Emily Blunt and Rebecca Ferguson are excellent actresses. Their performances in Sicario (2015) and Mission Impossible 5 (2015) are some of the most fun and exciting female characters of recent years.

In this film, however, both feel laboured and heavy, battling with boring material in an attempt to make deep and meaningful characters. In the end, both come across as cyphers, stereotypes of middle class women, trapped in their own separate worlds, enraptured by the men around them. If this film was more thrilling and fun, this type of characterisation might work. A savage critique of the American middle class is what makes Gone Girl so fun. This film wants to portray real life, and aim for realism but another side of it wants to make Gone Girl, the savage, darkly funny and vicious mystery.

A presence with the entertainment value of Ben Affleck, Tyler Perry, or Kim Dickens would really have given The Girl on the Train another side, some more depth. People are naturally humorous, and a few amusing lines of dialogue or a dark sense of humour would have elevated things tenfold.

However, smaller roles seemed to feature actors who were really bringing something to the table. Justin Theroux as Rachel’s ex-husband and Luke Evans as the husband of the missing woman were far more convincing than most others. However, their involvement was too small for them to shine.

Blunt’s performance frankly is an embarrassment. She wildly overacts in some scenes and in others she seems slightly sheepish to be a part of this film. I was very disappointed by her and I think she is indicative of a lot of the problems this film suffers from.

However, most of the blame must be placed at director Tate Taylor’s door. He is the worst possible choice for director. This film needed a provocative and uncompromising director, someone who would tell the story truthfully and intelligently but with a sense of fun. The film handles tough real life themes but this doesn’t mean that you can skimp on the mystery and thrills at the centre of it. Taylor directs with a soporific and laboured style, glossy but shallow and with no sense of pace. This film is boring and silly with so few decent performances you wonder why these people were cast in the first place.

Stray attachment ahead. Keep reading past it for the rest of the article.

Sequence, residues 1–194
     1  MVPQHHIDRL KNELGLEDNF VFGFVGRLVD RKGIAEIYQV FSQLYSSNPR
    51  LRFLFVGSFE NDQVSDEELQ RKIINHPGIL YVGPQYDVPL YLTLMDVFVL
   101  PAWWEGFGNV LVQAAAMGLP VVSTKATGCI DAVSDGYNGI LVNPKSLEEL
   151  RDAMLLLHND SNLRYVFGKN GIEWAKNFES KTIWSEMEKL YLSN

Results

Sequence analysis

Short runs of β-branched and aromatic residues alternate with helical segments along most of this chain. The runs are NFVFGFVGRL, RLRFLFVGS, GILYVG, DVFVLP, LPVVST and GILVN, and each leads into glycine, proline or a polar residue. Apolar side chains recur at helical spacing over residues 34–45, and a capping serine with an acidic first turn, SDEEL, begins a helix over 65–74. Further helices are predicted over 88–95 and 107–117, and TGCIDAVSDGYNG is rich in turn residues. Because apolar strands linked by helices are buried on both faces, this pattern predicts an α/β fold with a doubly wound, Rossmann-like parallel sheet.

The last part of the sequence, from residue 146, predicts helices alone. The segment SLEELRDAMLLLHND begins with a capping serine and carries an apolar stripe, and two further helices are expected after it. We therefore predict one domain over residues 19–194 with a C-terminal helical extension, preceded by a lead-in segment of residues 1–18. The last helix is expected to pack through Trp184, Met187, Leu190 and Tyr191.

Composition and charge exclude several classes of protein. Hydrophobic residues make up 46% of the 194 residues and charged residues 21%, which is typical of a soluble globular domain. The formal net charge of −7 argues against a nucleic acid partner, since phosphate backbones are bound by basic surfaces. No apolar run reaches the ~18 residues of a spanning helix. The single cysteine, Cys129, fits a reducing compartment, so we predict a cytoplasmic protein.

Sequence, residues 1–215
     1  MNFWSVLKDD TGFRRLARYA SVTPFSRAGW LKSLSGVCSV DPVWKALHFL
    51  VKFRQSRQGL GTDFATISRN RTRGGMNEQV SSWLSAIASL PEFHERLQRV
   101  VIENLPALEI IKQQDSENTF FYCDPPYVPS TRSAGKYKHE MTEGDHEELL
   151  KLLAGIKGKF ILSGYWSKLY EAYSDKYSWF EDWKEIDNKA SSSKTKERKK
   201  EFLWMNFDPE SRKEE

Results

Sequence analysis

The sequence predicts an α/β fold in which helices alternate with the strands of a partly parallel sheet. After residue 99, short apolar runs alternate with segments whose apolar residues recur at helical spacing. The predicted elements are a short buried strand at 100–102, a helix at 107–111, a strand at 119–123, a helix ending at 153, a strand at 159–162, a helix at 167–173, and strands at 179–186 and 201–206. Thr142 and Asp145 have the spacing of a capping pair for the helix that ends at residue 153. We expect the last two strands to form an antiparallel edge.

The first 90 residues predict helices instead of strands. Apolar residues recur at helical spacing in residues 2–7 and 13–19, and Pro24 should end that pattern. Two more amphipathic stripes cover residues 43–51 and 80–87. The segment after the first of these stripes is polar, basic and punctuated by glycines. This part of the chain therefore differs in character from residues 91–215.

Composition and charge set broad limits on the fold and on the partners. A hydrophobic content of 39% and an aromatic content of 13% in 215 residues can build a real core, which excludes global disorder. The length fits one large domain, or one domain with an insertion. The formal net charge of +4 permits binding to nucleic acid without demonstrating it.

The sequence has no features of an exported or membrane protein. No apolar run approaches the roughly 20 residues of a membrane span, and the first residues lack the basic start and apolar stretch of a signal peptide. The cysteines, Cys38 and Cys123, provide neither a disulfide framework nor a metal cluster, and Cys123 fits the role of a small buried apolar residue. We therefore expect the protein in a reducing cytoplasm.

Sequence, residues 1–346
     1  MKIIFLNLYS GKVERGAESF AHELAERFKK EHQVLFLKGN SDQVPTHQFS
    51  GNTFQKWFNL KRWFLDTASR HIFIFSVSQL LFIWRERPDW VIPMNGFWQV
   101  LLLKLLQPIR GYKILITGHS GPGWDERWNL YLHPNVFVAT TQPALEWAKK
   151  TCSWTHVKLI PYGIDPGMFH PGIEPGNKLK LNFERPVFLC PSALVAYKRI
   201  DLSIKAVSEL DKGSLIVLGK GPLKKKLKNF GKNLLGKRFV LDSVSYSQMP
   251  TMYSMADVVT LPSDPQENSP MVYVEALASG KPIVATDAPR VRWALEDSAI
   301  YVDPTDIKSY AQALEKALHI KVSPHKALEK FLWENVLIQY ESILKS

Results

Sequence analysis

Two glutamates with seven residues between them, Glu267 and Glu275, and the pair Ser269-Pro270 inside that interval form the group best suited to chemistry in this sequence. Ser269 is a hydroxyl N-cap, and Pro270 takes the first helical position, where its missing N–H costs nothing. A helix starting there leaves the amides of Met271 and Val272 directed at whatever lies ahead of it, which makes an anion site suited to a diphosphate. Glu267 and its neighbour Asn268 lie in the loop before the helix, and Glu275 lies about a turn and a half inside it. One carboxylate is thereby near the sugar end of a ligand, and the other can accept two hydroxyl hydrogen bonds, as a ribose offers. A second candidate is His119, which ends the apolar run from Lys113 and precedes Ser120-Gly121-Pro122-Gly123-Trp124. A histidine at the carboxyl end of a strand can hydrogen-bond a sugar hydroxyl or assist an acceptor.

Overall, this film is a disaster, a page-turner turned into a cinema-snoozer which fails miserably at its central goal: to thrill and intrigue. I guessed the ending within the first fifteen minutes and I was so desperate for my guess to not be the case that I ended up making up theories to allow the screenwriter and director some credit.

However, I was sadly correct and I walked out of the cinema thinking: “This would be the movie David Fincher and Alfred Hitchcock would make if they were both stupid”.

***

Thank you for reading this very therapeutic review! I hope you enjoyed it, and if you want to see this film, just read the book instead. It’s obviously much better. On the other hand, watch Strangers on a Train – that’s how you do a train-based thriller.

I would just like to thank Judith for all her help and her agreeing to be a part of this collaboration! I hope we can work together in the near future.

Patrick and Judith